Breaching 4 Out of 221 Dams
by Tom Stuart
I want to thank the Idaho Statesman for its thoughtful analysis and forward-looking leadership on Idaho salmon recovery. The Statesman has been a beacon of reason, measured thinking and courage. Many Idahoans already share the Statesman's views, and eventually a vast majority will - based on the needs of a diverse economy, our beautiful state's ecology, and our values.
Although the new U.S. Congress probably isn't prepared to remove wasteful federal dams right now, public sentiment and political pressure are shifting, because it will save both salmon and money. But the question of what to do with four salmon-killing dams in eastern Washington state reaches far beyond concerns about electricity. Here's the bigger picture:
In the Columbia/Snake basin (including Idaho's Salmon and Clearwater rivers) there are 221 major dams. About 100 produce electricity; 30 are owned by the federal government, paid for with ratepayer and taxpayer dollars. And the 221 dams are not equal. Some are quite valuable (like Grand Coulee or Bonneville), while others create tiny benefits with far higher costs (like killing off Idaho's salmon runs). The four big Idaho salmon-killers are on the Lower Snake between Clarkston and Pasco, Wash.
Now, no one is talking about removing all 221 dams. That's irresponsible and silly. We're talking about removing four. That's right - keeping 217, removing four.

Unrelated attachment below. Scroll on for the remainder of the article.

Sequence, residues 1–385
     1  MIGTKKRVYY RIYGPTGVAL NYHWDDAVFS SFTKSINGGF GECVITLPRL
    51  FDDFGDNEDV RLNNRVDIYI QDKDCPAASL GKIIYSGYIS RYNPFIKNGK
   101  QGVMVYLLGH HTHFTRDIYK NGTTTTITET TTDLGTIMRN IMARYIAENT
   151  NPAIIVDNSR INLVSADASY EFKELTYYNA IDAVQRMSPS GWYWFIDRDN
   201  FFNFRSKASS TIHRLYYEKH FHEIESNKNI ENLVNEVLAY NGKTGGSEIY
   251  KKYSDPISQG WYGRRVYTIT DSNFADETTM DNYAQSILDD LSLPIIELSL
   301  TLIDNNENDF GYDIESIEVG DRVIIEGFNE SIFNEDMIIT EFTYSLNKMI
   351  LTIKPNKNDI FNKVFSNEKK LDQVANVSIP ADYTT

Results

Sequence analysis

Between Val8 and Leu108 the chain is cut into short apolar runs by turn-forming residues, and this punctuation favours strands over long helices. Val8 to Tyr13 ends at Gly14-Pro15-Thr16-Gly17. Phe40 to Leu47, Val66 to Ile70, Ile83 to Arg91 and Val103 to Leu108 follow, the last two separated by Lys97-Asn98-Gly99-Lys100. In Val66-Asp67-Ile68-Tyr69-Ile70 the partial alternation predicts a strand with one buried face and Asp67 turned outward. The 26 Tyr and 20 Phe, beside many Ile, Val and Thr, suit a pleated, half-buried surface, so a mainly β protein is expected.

What's the impact of removing those four on electrical power? Well, the Northwest "power pool" is 40,000 megawatts - the amount of electricity generated by public and private dams, coal plants, gas generators, nukes, wind farms and everything else. Of the 40,000 megawatts, the four dams we must remove to restore Idaho salmon generate 801 megawatts of firm power. You do the math.
Bottom line - if those salmon-killing dams disappeared today, electricity users wouldn't notice. Idaho Power customers wouldn't notice at all, but a few companies who buy all their power from the feds might see a tiny increase in power rates, depending on rain and snowfall. But most of these companies aren't tied to the feds - and can shop for cheaper power.
Why should the region remove any dams at all - even four outdated, expensive, destructive extras owned by the feds?
I remember fishing the Salmon River before those last dams were built. As recently as 1970, Central Idaho was the mother lode of salmon fishing, with thousands of fishing families traveling there to spend money in motels, restaurants, gas stations, tackle shops, stores - bringing jobs, personal income, tax revenue.
Historically, in the Columbia River (the world's greatest salmon producer), the Salmon River alone produced 40 percent of all the spring/summer chinook and 45 percent of the steelhead. Because our river habitat is still healthy, fishery scientists now say that Central Idaho contains 75 percent of the entire Northwest's salmon recovery potential.
Simply said, the biggest opportunity to restore salmon in the region is right here, in our backyard. We live at the heart of the world's richest salmon country - that's one reason living here is special.
So, here's the real question. To achieve 75 percent of the region's salmon recovery potential (benefiting Idaho most of all), does it make sense to remove four dams that produce only 2 percent of the power?
Can we replace that power? Can we replace any other benefits? Of course we can. Those four wasteful, salmon-killing dams deserve a good, hard look; all dams are not created equal.
I'm convinced that these four low-value dams will eventually be removed. The question is, will it happen before Idaho salmon runs go extinct? How long will it take for a political leader in Idaho to step forward?
The Case for Breaching is Stronger than Ever by Editorial Board, Idaho Statesman, 7/22/7
learn more on topics covered in the film
see the video
read the script
learn the songs